A bespeckled White-winged Duck at Okoki, Cambodia
(Photos mostly by Narca)
A 10-minute walk along a trail takes us to a blind, and there indeed is the prize. We quietly watch and photograph the ducks. They are alert and aware of us, but not too worried. (The next day, while we again watch the White-winged Ducks from a blind, a pair of Giant Ibis lands in the tree immediately over our heads! That mega-rarity is here, too!)
The faces of our local guides reflect their pleasure in showing us the White-winged Ducks.
White-wings are among the largest of ducks. They are a puzzle. Originally thought to be related to Muscovy Ducks and the dabbling ducks, recent DNA work indicates that they are actually closer to the diving ducks. They are very secretive. Although the Wikipedia account notes that they are known to feed only at night, the ducks that we observed were feeding, as well as loafing, during the day. White-wings are spottily distributed in Southeast Asia, India, and Sumatra. They depend on hollows in trees for nesting, and since this is a big duck, it needs big hollows. Habitat destruction is a major threat to their survival.
A White-winged Duck displays those white wings.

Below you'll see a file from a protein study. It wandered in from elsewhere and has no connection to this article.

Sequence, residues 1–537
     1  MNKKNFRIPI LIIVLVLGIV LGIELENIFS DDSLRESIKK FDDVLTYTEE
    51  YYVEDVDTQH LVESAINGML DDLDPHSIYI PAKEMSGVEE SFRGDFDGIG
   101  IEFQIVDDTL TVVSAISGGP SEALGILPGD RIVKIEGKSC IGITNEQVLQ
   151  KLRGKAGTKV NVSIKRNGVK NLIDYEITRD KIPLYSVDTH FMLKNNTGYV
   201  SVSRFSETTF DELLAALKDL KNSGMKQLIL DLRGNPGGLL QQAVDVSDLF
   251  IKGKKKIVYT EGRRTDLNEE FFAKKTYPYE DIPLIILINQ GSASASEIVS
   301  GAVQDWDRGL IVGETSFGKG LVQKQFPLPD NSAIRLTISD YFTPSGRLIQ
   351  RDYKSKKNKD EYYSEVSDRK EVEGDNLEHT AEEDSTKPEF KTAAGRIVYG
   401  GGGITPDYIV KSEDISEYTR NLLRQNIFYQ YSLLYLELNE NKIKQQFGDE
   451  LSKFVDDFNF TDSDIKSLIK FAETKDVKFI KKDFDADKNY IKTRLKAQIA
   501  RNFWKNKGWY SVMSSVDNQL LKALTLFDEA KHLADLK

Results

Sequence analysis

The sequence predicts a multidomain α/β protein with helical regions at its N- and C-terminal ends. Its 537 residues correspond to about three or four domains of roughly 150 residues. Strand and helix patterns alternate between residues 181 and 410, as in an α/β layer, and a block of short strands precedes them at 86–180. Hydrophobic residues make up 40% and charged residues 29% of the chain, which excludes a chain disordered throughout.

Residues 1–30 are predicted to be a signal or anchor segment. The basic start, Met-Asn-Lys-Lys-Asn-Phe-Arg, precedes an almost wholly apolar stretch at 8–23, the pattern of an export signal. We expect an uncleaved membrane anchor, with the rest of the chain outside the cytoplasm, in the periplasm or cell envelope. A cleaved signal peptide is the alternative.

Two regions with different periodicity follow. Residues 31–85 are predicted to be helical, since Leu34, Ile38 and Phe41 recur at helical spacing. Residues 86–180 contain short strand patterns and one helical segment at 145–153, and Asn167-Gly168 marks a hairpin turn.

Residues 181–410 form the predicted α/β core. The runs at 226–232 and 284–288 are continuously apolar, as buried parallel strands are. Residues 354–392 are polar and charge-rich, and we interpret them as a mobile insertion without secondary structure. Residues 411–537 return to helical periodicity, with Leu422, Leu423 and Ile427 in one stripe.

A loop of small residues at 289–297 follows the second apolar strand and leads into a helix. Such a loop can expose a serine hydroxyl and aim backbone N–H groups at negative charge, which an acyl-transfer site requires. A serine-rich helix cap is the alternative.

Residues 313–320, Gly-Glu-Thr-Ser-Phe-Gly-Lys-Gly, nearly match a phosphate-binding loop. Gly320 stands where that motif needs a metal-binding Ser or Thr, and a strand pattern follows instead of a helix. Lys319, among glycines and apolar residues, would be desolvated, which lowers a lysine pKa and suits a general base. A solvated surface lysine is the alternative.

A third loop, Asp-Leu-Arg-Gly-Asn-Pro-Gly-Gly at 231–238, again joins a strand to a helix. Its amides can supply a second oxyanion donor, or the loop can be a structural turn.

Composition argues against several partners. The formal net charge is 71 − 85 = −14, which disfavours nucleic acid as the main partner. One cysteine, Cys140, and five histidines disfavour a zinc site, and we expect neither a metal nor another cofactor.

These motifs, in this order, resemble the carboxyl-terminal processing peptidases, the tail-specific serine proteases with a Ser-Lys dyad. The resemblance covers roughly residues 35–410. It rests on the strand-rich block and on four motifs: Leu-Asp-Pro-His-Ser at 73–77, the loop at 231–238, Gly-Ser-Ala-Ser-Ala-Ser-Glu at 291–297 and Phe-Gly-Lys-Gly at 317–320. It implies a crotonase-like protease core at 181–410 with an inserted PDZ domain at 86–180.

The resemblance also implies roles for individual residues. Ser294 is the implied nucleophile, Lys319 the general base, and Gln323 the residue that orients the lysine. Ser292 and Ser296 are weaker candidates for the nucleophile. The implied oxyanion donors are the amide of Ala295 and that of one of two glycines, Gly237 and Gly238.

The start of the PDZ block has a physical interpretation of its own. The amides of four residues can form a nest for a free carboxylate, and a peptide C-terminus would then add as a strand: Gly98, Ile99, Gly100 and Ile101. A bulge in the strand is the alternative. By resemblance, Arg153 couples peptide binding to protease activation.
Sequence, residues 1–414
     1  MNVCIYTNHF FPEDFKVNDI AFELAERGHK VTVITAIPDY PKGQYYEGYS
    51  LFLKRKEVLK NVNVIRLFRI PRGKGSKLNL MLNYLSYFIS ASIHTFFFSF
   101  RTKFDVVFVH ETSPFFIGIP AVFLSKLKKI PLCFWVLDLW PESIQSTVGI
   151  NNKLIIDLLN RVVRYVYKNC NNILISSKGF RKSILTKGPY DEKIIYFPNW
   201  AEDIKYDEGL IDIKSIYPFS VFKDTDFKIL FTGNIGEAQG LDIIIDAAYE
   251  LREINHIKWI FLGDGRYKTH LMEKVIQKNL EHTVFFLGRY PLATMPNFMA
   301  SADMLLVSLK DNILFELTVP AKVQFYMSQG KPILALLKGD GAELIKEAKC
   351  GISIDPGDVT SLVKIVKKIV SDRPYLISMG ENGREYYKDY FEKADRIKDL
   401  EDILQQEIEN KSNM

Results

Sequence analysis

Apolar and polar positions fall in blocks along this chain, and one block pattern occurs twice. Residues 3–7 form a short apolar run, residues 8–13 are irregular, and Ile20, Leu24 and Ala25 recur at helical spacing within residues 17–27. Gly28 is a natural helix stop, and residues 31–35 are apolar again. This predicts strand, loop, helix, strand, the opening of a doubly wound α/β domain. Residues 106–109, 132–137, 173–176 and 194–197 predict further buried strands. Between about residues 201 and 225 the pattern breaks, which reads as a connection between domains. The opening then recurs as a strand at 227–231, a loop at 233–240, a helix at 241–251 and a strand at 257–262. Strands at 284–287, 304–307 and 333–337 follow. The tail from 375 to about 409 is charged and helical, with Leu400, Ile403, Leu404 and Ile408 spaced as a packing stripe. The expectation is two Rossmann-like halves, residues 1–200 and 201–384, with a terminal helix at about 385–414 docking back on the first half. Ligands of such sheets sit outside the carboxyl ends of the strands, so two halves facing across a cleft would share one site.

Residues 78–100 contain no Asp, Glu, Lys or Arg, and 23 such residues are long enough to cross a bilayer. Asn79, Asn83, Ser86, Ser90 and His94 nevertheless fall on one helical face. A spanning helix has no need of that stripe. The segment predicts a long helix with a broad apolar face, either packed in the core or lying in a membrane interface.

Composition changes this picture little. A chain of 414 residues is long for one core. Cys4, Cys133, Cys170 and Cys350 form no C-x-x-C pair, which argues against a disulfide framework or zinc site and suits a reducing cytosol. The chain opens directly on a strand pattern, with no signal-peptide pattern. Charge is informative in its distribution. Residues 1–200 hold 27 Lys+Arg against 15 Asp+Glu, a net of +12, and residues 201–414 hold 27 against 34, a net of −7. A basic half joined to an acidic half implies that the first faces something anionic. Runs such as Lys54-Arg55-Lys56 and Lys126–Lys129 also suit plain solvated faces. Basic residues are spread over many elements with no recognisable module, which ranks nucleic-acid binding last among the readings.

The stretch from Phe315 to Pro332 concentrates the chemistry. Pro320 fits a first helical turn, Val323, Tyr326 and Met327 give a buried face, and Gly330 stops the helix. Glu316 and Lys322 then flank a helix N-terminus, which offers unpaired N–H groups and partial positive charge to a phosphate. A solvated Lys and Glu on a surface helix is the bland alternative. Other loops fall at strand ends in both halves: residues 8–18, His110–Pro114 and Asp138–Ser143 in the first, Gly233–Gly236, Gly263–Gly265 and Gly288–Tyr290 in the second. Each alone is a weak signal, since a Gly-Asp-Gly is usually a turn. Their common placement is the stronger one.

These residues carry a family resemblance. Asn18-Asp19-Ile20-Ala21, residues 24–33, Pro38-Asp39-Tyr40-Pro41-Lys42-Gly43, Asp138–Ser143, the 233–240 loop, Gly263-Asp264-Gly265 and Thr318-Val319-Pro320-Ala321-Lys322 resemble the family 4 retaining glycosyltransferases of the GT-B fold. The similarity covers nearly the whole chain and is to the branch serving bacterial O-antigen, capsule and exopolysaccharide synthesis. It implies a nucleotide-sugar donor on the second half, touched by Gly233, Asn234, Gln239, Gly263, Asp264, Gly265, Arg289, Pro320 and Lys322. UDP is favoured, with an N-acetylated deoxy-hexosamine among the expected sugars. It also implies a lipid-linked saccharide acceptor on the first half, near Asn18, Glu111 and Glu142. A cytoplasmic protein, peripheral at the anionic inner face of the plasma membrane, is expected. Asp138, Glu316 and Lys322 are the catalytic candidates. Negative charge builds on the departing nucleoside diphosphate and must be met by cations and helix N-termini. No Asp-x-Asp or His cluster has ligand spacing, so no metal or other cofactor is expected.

(Photo by our guide Duong Nara, who was experimenting with our camera)
At Okoki we once again stay in a tented camp, complete with tented bush shower and toilet, and outfitted by the local villagers. We pass a couple of very pleasant days, searching out Green Peafowl and Bar-bellied Pitta, Green Imperial Pigeon and Puff-throated Babbler. Indian Rollers tumble through the sky in courtship rolls, flashing brilliant blue as the sun catches their wings. Tickell's Blue Flycatcher joins the parade of other blue flycatchers.
Okoki's butterflies are outstanding. Here are just a few! I hope to put names to at least some of them, eventually.
A nymphalid, possibly a species of Moduza (known as the Commanders)
This emerald-eyed beauty has strangely-shaped hind wings. It's a pristine individual.
Another jewel-eyed hairstreak whose turquoise wingspots match the eyes.
This beautiful creature reminds me of Helicopis from South America.
This lovely Yellow Moth (surely there's a better name?) finds Rich's well-traveled hat completely irresistible.
The Yellow Moth, Dysphania sagana, is a geometrid moth from Southeast Asia, Sumatra and Borneo.
A few flowers enliven the dry season, including this probable iris relative: